It’s budget day, again. So much has been leaked from tonight’s federal budget that the lock-up this afternoon and early evening will resemble a Japanese Kabuki play — lots of “action” with very little substance. Boring. No need for it, in fact. Joe Hockey’s speech at 7.30pm is supposed to be the centre point, but considering we know what is in it, why bother? Better wait until the ABC TV’s 7.30 begins a special one-hour discussion and dissection at 8pm, which will be as turgid as the Treasury’s offerings. The government’s newsletters (aka The News Corp papers, led by The Australian) reckon the government will be able to get the deficit forecast down under $40 billion ($39.9 billion?) due to the rebound in iron ore prices (careful, you’ve been fooled before, Joe). In fact that rise was driven by the latest rate cut in China on Sunday night (which was a signal of how scared the Chinese government is of deflation, which seems to be appearing in consumer prices, after wrecking manufacturing for the past 38 months).
Iron ore prices rose 3.3% overnight to US$62.50 a tonne, up from its prior close of US$60.50 a tonne. That took the current rally in iron ore prices to 35% from the 10-year low of US$46.70 a tonne reached in early last month and was the highest close since March 2. How sustainable this rebound will prove is open to considerable conjecture. Joe is clearly tempted, if the Oz report is any guide. Going on past experience, you’d have to say it is built on shifting sands. A “rubbery” budget built on iron ore? We’ve seen that before, several times in the past four years. Interestingly, the fall in US markets overnight came after that big rally on Friday night in the wake of the solid jobs report for April. Second thoughts in the US about a rate rise perhaps? Certainly Greece was another factor, although media reports said it had ordered the repayment of the scheduled 750 million euros to the IMF (which has a month to announce whether it was received or not). — Glenn Dyer
Buy fag companies? Wired reckons there’s a move to shift the long-rumoured lung cancer vaccine under development in Cuba to New York. There are other treatments under study in the US and Europe, so will this make the likes of Altria (the old Philip Morris) a buy? And will a successful vaccine re-legitimise smoking? The fag companies are no doubt hoping it will (and strained government budget overseers are probably wishing so as well, and eyeing a tax rise or three if that happens). Will the fag companies start buying drug companies to bottle up the research? — Glenn Dyer
Welcome back, 1999. The business craziness of the late ’90s (before the Tech Wreck) returned with a vengeance late Friday with the news that UK online delivery food company Just Eat was buying the Australian online business Menulog for 445 million pounds, or around $855 million. Now some Australian media reports (e.g. Fairfax Media) said straight-faced the price was 17 times Menulog’s revenue of around $40 million. That’s an absurd valuation, redolent of the dot-com boom in the late 1990s, when companies were bought and sold at multiples of revenue (or even imagined revenues). — Glenn Dyer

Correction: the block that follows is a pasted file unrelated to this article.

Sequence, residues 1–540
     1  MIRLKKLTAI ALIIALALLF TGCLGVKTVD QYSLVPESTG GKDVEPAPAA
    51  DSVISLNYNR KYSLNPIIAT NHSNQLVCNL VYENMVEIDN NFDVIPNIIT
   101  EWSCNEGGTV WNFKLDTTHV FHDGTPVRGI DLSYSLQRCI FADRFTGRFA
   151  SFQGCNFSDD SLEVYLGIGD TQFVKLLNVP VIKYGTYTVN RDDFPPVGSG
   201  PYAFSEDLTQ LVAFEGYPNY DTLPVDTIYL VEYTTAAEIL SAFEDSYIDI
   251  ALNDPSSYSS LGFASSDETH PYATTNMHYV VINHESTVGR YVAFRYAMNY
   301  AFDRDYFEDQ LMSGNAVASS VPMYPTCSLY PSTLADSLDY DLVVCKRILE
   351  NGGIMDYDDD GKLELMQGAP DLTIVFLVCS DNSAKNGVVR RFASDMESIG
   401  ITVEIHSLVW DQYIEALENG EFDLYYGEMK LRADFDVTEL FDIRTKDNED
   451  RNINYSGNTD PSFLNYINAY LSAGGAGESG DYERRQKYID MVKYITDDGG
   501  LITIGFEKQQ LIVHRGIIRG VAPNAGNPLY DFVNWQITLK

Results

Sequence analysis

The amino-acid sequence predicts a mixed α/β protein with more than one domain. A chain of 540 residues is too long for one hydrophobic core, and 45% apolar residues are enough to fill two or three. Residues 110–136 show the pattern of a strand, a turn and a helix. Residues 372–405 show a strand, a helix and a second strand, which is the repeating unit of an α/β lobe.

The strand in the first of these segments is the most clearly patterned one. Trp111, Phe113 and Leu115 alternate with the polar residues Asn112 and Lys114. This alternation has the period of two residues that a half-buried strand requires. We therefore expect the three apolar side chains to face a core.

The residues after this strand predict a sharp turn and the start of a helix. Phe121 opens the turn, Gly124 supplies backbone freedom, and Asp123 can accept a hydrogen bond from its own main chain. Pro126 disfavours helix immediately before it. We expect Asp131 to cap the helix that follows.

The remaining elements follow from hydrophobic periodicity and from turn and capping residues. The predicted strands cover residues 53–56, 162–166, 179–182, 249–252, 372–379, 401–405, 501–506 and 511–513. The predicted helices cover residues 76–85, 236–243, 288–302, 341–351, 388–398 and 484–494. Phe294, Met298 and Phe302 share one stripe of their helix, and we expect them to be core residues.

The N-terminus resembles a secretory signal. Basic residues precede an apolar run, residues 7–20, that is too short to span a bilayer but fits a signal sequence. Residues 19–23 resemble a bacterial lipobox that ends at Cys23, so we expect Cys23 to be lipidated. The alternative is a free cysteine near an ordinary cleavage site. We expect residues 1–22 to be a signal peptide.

Taking a bite out of Apple, and Samsung, and others? Now here’s some news that will chill the swollen coffers at Apple. The country’s most successful market, China, seems to have hit the wall, or rather the smartphone market is now saturated, according to research group IDC. And it’s not only Apple, but Samsung and other global and Chinese phone groups that will sit up and take notice. IDC said, in a widely publicised report issued overnight, that smartphone shipments in China in the March quarter fell 4.3% from the first quarter of 2014, despite a strong selling campaign by Apple. IDC says Apple consolidated its position in the shrinking Chinese market in the March quarter with a 14.7% market share, ahead of local giants, Xiaomi and Huawei at 13.7% and 11.4%, with Samsung the global leader, ahead of Apple in the first quarter, on 9.7%. IDC says that to maintain growth the big phone makers will chase growth in India and south-east Asia. IDC attributed the slump to “market saturation”. Apple reported a record US$16.8 billion in revenues in China in the March quarter, thanks to the iPhone 6. China overtook the US in 2011 to become the biggest smartphone market — but now it’s gone ex-growth, according to the report. Apple though is cool, has style and produces what economist-sociologist Thorstein Veblen called “positional goods”, which therefore sell at a premium and rank higher in desirability among potential buyers than phones from other companies. — Glenn Dyer